- Saying words a different way each time
- Putting the emphasis on the wrong syllable
- Distorting word sounds
- More difficulty with longer words
- Mixing up sounds, such as pronouncing a “P” like a “B”
- Separating syllables, even within a word
Some of the symptoms of childhood apraxia of speech can be similar to those of other speech disorders.
However, there are a number of markers which can help to distinguish it from other speech disorders.
Some of these are as follows:
- Being unable, or having difficulty transitioning smoothly from one word or sound to another
- Having trouble imitating simple words
- Making groping movements while attempting to create speech sounds
- Stressing the wrong syllables in a word, or stressing all syllables equally
- Distorting vowels
- Inconsistency, for instance, attempting to say a word but making different errors on each attempt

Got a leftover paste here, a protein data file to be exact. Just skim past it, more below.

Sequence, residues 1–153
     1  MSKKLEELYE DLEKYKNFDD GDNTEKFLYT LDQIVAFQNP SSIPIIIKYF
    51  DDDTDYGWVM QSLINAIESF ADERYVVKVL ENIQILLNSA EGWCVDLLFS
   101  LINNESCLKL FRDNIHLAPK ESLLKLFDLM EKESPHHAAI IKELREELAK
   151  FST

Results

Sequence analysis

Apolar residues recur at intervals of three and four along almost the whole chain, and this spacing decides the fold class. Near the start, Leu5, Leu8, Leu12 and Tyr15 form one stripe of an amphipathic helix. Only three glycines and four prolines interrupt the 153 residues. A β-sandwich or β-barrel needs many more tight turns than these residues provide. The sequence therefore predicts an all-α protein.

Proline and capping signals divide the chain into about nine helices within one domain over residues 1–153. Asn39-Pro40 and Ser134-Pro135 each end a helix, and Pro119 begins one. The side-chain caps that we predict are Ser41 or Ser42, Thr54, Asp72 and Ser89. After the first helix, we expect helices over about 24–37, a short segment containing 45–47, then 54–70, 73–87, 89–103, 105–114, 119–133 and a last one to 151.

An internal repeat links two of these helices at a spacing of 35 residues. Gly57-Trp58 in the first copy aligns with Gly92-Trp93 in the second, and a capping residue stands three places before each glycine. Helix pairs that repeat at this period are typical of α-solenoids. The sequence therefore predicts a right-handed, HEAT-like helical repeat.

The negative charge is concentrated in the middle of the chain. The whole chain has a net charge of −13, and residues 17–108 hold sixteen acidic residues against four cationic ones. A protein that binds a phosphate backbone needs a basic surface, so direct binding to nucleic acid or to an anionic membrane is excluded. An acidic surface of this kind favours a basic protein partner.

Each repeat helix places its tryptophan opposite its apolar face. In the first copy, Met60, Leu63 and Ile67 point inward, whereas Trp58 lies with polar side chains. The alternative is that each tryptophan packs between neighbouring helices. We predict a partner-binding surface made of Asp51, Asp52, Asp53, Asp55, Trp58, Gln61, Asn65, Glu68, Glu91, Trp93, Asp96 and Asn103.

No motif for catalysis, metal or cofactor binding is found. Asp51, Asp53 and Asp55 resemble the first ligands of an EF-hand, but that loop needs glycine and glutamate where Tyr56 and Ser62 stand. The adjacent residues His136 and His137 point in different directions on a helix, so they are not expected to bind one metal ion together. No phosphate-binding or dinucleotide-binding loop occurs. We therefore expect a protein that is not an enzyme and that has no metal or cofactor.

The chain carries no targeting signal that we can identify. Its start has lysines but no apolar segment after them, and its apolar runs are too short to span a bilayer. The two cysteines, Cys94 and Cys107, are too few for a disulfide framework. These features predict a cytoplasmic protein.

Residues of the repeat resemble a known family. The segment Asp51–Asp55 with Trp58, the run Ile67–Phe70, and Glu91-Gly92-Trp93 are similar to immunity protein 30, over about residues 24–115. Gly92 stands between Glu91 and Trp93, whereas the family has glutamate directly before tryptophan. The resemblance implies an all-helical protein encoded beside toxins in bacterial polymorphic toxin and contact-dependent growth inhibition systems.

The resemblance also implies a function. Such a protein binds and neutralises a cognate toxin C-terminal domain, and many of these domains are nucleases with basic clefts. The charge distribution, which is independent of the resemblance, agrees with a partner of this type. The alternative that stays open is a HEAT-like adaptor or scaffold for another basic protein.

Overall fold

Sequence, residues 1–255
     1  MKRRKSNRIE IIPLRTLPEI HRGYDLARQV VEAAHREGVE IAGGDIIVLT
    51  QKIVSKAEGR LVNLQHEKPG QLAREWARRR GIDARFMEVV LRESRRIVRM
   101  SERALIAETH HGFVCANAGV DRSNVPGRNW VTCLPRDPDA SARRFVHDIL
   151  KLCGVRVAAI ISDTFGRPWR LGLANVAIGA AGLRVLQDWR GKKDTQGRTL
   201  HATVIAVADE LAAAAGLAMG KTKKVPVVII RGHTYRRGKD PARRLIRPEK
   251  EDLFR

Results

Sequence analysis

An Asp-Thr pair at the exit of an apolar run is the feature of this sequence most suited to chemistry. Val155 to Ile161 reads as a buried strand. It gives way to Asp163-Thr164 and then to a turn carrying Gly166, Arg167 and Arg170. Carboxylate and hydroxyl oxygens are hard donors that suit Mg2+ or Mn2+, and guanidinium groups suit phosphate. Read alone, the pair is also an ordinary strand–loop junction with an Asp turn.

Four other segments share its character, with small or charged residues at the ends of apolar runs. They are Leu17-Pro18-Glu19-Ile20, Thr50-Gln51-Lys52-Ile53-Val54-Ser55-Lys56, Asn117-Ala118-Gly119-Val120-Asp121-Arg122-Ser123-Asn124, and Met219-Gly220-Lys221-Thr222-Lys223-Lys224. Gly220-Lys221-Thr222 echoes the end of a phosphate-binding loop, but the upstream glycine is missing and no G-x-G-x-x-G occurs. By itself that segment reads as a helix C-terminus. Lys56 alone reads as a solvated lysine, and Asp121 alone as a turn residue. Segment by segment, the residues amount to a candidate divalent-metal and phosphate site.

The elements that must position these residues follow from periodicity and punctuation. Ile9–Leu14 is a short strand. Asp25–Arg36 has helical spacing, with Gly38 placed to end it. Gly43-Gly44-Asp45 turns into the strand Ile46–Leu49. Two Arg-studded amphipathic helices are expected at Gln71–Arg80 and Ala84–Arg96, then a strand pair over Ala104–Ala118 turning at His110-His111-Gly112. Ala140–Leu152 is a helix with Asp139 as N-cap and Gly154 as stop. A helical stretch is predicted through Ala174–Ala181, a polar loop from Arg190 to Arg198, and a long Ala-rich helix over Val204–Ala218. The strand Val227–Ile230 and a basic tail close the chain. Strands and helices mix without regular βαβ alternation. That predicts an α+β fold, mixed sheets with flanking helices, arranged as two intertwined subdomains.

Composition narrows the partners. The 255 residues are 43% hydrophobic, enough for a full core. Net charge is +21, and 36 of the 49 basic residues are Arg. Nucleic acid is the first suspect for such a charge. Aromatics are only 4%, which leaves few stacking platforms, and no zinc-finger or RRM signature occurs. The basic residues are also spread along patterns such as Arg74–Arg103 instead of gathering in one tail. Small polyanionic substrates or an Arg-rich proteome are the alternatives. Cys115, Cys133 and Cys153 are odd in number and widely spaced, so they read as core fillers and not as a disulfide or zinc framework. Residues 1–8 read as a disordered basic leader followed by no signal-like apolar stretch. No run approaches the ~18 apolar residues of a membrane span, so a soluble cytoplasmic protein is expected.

What Causes Childhood Apraxia Of Speech?
There are many different things that can cause childhood apraxia of speech.
Sometimes, the cause might be unknown – this is called idiopathic, in clinical terms.
But that’s okay.
You don’t always need to know the exact cause to be able to seek treatment.
Knowing the different causes may help you identify if apraxia is something your child has or is at risk for.
Some potential causes of childhood apraxia of speech can include:
- A genetic disorder
- Metabolic condition or syndrome
- Traumatic brain injury
- Infection in the brain
A stroke can also lead to childhood apraxia of speech.
However, thankfully, strokes in children are very uncommon.
Currently, there is no evidence that your child’s environment can cause childhood apraxia of speech.
How Can A Speech Therapist Help With Childhood Apraxia Of Speech?
If you suspect your child is showing signs of childhood apraxia of speech, you should seek out a speech therapist.